Posted by: forfreedomalone | 17/06/2017

The joyous freedom of repentance.

I received a message, yesterday, about my last post and it contains some interesting questions.
“How can you say that the church needs to repent? We repented when we were saved, it’s done, it’s finished. Are you saying we are not saved? Are you saying we are to go about looking for sin in our lives all the time and promising never to do that again?
You are just heaping burdens on people and causing them to be sin conscious.”
Interesting questions.
Repents means “to change one’s mind”. That’s it.
It does not mean to make promises. Promises have nothing to do with it at all.
I didn’t used to like olives. Now I do. I’ve changed my mind about liking olives. Changing my mind means I didn’t like them, now I do. At no point in the process of changing my mind did I make any promises about no longer not liking them, I just liked them.
When we planted out garden I was not at all convinced by where my husband wanted to put the fountain. Now I believe he was absolutely right. I’ve changed my mind. No promised were involved on any level.
When one repents it is because the heart has changed towards what one believed, thought or did before. One held to path B, now one is on path C. It is as simple as that.
However, to change from path B to path C one needs to see that one is going the wrong way, or that a slight course correction is required.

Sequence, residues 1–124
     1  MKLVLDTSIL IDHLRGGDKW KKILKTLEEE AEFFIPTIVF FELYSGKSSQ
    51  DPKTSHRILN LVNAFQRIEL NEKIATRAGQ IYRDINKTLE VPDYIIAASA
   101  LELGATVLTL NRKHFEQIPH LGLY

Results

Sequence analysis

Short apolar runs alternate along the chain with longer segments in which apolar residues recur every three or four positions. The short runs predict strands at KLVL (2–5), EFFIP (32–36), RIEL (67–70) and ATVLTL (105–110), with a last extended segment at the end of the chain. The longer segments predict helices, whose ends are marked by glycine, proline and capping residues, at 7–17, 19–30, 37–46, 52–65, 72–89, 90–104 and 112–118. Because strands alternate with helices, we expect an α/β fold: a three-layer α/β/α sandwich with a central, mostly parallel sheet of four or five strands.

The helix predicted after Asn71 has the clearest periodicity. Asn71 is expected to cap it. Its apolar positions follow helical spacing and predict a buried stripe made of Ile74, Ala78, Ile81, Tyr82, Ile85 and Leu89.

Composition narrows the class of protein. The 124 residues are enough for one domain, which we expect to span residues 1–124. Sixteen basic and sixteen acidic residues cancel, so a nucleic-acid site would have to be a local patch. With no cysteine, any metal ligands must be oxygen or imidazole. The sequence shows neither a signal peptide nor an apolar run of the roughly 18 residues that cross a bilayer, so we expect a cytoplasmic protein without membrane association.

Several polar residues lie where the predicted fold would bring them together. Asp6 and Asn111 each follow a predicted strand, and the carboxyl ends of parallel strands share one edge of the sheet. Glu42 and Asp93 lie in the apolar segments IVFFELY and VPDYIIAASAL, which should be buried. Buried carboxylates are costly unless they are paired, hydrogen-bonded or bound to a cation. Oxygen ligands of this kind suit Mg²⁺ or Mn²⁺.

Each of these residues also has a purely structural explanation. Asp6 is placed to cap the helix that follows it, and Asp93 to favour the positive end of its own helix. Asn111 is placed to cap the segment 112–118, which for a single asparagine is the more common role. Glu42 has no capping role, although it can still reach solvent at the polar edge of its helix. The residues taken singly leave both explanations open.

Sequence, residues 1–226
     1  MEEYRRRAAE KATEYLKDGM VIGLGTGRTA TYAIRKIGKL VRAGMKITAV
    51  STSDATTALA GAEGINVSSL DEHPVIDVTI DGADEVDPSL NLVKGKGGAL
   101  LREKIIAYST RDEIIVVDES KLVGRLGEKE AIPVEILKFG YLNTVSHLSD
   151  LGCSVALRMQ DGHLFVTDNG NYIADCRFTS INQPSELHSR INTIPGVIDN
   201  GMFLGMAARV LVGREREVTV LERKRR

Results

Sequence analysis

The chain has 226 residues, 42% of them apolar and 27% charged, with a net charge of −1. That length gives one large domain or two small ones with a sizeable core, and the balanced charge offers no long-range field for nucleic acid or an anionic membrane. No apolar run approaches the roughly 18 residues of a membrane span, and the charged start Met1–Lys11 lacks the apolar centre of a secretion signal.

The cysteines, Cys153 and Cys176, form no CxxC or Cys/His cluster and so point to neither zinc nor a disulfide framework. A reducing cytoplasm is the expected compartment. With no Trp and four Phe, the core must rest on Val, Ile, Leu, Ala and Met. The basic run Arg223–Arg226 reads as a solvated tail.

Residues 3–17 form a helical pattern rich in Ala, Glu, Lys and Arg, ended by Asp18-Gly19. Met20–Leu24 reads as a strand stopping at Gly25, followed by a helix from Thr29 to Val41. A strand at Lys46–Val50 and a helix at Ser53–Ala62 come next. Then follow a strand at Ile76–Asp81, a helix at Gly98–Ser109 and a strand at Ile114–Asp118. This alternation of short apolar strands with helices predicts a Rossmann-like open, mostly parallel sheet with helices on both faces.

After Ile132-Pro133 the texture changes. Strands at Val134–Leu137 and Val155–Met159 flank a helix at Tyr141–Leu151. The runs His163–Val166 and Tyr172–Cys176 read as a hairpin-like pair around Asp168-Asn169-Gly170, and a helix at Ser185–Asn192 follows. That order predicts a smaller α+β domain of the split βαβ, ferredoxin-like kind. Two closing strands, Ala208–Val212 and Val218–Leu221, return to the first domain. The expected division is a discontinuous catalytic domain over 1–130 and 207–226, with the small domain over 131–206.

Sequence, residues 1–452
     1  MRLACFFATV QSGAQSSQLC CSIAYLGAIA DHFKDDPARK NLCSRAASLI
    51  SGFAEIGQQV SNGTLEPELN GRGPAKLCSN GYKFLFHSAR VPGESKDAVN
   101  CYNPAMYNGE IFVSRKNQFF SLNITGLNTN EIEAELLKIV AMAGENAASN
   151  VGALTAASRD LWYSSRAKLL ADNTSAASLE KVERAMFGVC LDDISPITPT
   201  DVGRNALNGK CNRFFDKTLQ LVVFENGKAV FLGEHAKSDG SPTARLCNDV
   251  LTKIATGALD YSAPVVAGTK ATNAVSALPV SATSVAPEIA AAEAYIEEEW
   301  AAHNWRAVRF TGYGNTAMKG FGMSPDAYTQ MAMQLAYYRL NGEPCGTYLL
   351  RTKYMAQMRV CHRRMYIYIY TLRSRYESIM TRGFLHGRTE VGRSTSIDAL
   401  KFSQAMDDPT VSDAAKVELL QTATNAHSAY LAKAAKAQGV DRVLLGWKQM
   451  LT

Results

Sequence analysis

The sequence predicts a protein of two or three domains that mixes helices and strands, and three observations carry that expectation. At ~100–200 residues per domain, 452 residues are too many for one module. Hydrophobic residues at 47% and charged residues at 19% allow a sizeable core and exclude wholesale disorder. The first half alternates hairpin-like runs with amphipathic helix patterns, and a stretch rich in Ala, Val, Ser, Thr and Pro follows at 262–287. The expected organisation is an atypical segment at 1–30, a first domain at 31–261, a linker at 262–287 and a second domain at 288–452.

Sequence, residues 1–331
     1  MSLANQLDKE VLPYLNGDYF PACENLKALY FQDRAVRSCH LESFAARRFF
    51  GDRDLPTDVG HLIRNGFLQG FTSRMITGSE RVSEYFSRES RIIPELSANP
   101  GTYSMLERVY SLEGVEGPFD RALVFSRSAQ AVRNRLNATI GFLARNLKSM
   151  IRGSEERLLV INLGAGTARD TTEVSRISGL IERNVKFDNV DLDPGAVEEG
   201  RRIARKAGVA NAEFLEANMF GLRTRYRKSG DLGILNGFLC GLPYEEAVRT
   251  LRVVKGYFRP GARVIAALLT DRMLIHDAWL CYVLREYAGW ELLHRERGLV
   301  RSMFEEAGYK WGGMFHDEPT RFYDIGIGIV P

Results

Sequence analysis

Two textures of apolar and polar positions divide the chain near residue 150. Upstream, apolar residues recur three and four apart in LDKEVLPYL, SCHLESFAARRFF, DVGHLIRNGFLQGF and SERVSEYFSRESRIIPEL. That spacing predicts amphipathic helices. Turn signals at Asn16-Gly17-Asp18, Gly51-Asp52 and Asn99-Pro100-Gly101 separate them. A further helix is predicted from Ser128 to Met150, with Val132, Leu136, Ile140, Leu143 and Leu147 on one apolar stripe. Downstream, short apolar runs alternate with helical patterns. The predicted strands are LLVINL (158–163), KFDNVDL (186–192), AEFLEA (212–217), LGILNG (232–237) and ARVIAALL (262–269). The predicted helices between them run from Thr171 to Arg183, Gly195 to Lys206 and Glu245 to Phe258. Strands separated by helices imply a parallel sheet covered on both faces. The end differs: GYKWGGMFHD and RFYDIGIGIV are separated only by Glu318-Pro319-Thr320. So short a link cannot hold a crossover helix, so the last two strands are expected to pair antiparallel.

But there is a step involved before that change of direction and that is getting onto path B in the first place.
A sinner cannot go from paths B to C because he is not on path B in the first place.
No matter how much he wants to “change his mind” about his sinful ways there is nothing he can do that is not achieved by pure strength of will. If he has a very strong will he may be able to effect change to some degree or other, but if he is not strong willed, he simply cannot change. He has a sin nature and there is nothing he can do to change that.
In order to go from path B to path C we need to first leave path A and we do that by coming to God in repentance. God gives us a new nature, his nature, so that we now have the power and ability to live differently.
We have been moved onto path B. We cannot do this, it is a work of the grace of God, but now that it is done we have the ability to navigate our way to the end of the journey.
Some will say that once we have this new nature everything is different. We are totally new creations and living differently is so natural that we can’t help it.
I have a problem with that and I believe the Bible does too.
I also believe that telling people this is what is heaping burdens on their backs (although I fully accept that is not quite what Jesus meant when he used that expression).
Paul told Christians to “reckon” the old man dead. “Reckon” means “to consider it so”. We use this expression when we say, when asked if we will take on a task for someone, “Consider it done”. It isn’t done, it hasn’t even been started, but they are being asked to consider it done, to no longer worry about it, to let go of it. So it is with our old man. He is not dead by any means until we kill him off by total neglect.
Ever time he raises his head over the edge of his grave we are to remind him he is dead and turn away from him. We are to repent.
Paul explains this whole process in Romans 7.
In verse 17 he says that when he does things he should not do it is not him, but the sin within him which has risen up again, His old man is trying to get out of the grave.
From verse 22 on he explains that in his inner man ( his new man) he delights in the law of God, (in all that righteous purity of who God is) but his “members”, as he put it, his body, thoughts and speech, he is still a slave to the law of sin. Oh wretched man that he is!!